“many Arab countries believe that if the Palestinians were given support and a “home away from home” the palestinian aspiration of state-hood and a return to Palestine could be weakened or compromised.”

    Cien por ciento correcto.

    Prodigal Son,
    Dude, you always against me, ha?
    Why didnt you tell Mahmud the same when in the past he mocked MY NAME?
    What kind of “JUST, FAIR” supposedly religious person are you?

    And you look like a shmuck
    by saying “Perhaps English is not his first language”!.
    of course it isnt!

    Ruth, I need you help, honey
    :)

  11. #11 by Jalid on February 26, 2010 - 6:22 pm

    Suzanne is right when she says,
    “On the other hand,many Arab countries believe that if the Palestinians were given support and a “home away from home” the palestinian aspiration of state-hood and a return to Palestine could be weakened or compromised.”
    That is correct.
    Add to it that the Palestinians themselves also agree that giving the refugees “civil rights” would endanger the future of our identity.

    I heard it from Rafik al hariri.

  12. #12 by The Prodigal Son on February 26, 2010 - 9:21 pm

    Jalid,

    So it is you! Welcome back man! I missed you!

    Look, you misunderstand… please, calm yourself. You are among friends here – I assure you.

    I have never been “against” you, and neither am I now. If you could see into my heart you would know that I am WITH YOU – to the bone!

    This whole thing is a misunderstanding my friend. I did not think it was you in post #2! That’s all I was saying to Mahmoud… but I was wrong! It IS you!

    Please Jalid, look back above at post #2 – YOUR original post to Mahmoud… You signed your own name as ‘J.I.L.A.D.’ – instead of ‘Jalid’!

    So now we see- it was just a simple mistake on the keyboard; a typographical error. So there is no harm done… no one here means you any offense, and no one is “against” you. O.K.?

    Peace, my friend.

    (I also miss Xanadu & L.P. Pandora! Where are you ladies? It’s not the same without you here… Let us know you’re O.K.!)

  13. #13 by Jalid on February 27, 2010 - 9:48 pm

    Prodigal
    you got the godness ill never have
    EVER

  14. #14 by Mahmoud El-Yousseph on February 28, 2010 - 3:36 am

    Hey Jalid, remember me?

    How is that anger management thing going?
    Oh, and what about your neighbors cats did they survive you cutting their tails off?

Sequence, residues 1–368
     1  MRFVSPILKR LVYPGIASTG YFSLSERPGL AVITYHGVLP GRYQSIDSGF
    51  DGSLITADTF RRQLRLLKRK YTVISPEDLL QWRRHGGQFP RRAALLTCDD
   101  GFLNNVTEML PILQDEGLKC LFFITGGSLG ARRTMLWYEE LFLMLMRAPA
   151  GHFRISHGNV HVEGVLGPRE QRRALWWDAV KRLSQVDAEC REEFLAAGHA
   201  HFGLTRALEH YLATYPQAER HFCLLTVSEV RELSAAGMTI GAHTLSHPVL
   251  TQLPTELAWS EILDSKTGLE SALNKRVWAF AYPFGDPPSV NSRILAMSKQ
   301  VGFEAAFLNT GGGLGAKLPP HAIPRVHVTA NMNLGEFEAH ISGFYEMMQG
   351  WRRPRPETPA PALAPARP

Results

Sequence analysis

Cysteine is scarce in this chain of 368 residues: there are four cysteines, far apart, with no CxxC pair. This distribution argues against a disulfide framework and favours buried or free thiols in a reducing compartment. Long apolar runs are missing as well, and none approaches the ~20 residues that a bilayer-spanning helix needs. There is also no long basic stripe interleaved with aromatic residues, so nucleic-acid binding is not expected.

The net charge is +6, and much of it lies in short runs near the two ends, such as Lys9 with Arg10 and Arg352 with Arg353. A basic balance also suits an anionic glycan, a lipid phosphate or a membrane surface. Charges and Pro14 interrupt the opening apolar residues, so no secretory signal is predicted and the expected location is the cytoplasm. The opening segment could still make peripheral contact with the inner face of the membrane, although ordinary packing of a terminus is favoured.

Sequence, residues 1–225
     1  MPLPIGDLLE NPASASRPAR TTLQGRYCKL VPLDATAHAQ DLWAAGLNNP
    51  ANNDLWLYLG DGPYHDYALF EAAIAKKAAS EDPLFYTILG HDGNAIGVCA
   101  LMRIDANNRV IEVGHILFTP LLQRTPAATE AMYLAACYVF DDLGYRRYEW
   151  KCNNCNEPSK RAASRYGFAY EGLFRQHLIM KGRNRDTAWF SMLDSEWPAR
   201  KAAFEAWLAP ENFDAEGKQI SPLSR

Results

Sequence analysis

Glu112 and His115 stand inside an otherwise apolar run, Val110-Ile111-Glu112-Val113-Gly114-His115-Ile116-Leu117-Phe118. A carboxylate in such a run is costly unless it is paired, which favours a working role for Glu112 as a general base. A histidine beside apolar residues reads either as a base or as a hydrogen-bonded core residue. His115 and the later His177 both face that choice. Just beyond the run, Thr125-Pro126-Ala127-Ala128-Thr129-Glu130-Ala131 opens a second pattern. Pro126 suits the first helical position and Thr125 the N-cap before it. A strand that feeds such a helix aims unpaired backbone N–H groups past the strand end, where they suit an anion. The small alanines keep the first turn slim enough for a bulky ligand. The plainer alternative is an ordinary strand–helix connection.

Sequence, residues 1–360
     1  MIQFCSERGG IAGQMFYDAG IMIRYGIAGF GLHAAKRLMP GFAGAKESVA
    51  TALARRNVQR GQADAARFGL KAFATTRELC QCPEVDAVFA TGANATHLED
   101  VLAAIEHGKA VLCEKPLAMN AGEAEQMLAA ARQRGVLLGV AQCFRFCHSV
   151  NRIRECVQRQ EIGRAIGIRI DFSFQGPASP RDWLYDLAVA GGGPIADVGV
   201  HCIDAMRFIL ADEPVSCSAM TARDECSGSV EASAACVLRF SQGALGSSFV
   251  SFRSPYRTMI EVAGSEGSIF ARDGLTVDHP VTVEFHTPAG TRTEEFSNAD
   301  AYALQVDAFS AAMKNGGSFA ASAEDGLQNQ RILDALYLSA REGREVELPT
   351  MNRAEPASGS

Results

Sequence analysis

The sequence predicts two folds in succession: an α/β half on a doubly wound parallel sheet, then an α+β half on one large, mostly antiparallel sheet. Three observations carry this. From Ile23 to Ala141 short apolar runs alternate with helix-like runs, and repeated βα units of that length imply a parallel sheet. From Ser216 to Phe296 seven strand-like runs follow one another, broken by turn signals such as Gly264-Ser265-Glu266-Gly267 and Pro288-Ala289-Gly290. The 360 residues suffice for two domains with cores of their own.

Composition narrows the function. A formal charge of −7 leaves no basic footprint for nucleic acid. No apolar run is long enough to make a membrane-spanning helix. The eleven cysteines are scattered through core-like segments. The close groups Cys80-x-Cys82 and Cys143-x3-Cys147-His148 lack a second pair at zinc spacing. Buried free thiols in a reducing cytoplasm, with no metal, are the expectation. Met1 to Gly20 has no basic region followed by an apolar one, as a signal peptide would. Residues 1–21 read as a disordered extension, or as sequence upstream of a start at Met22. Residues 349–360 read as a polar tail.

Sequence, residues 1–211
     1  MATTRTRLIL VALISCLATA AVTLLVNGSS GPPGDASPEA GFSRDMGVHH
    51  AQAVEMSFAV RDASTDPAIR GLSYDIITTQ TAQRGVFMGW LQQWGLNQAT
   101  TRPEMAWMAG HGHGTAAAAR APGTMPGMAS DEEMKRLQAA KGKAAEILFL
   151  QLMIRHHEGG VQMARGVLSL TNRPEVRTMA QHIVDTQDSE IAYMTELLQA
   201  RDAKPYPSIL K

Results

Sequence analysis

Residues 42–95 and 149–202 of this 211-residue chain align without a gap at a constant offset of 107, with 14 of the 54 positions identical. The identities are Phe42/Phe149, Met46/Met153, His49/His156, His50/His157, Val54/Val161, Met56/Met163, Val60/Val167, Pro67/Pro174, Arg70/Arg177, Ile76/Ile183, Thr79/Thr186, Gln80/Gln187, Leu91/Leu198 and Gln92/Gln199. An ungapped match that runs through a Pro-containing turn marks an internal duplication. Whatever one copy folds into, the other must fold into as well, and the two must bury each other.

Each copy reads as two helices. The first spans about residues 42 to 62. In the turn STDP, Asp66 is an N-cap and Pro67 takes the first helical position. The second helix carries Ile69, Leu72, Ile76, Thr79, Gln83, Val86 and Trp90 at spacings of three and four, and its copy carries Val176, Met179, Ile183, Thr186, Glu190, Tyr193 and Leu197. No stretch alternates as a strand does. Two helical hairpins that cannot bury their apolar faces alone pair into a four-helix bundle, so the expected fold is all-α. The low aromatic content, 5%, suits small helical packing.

You never seize to amaze me!
    First you screwed up the spelling of your own name on message board, then you blamed me for your own mistake. That is ironic!

    Then when The Prodigal Son spoke out and offered his words of wisdom,you called him names and jumped up and down. That is not cool!

    To get to the point, No Arab leader should speak on behalf of the Palestinians. Not the late P.M. Harriri , not his son, not Egypt, Jordan or the Saudis for that matter.

    Granting Palestinian refugees living in Lebanon social, political, and economic rights does not weaken their resolve to demand their rights of return. It is on the contrary. What else do you expect? Should they be living in tents till eternity? I don’t think so!

    Palestinian refugees want to be treated fair and square. They should be treated with dignity and respect. Yes, they are not Angles. They have their own misdeeds in the past. Be it in Lebanon or in Jordan. But you can not punish 1/2 million of them , simply because you can or feel like it. We do live in the 21th Century not in stone age. Besides, any country that receive any US aid, should respect the civil and human rights of its citizens as well as other. This money comes from our Treasury Department- supplied by tax paying Americans.

    Finally, if your idea of advancing the Palestinian cause is by challenging those of us get out their way to do so, or by gloating over the death of Jews, or simply challenge then you and I do not see eye to eye.

    I do know you are bitter and still holding grudge because I took you to task in the past over your empty rhetoric.

    You made me laugh whey you call upon Ruth Bernstein for help.
    You would have been better off asking for help from the” Mossad.”
    Ruth Bernstein is one of my fans. She is on my good side.

    Too bad the voice of reason [Xanadu & L.P. Pandora] are absent.

    Anyway, if you run into Hugo Chavez, please tell him, what’s up?

  15. #15 by Jalid on March 1, 2010 - 4:08 pm

    Prodigal,
    I mispelled my name purposedly. It is called sarcasm. If you go to previous threads you will see how mr All Jewseef had on purpose mispelled my name because by doing so my name would look similar to the name of one of my favourite defenders of the Palestinian cause: Gilad Atzmon.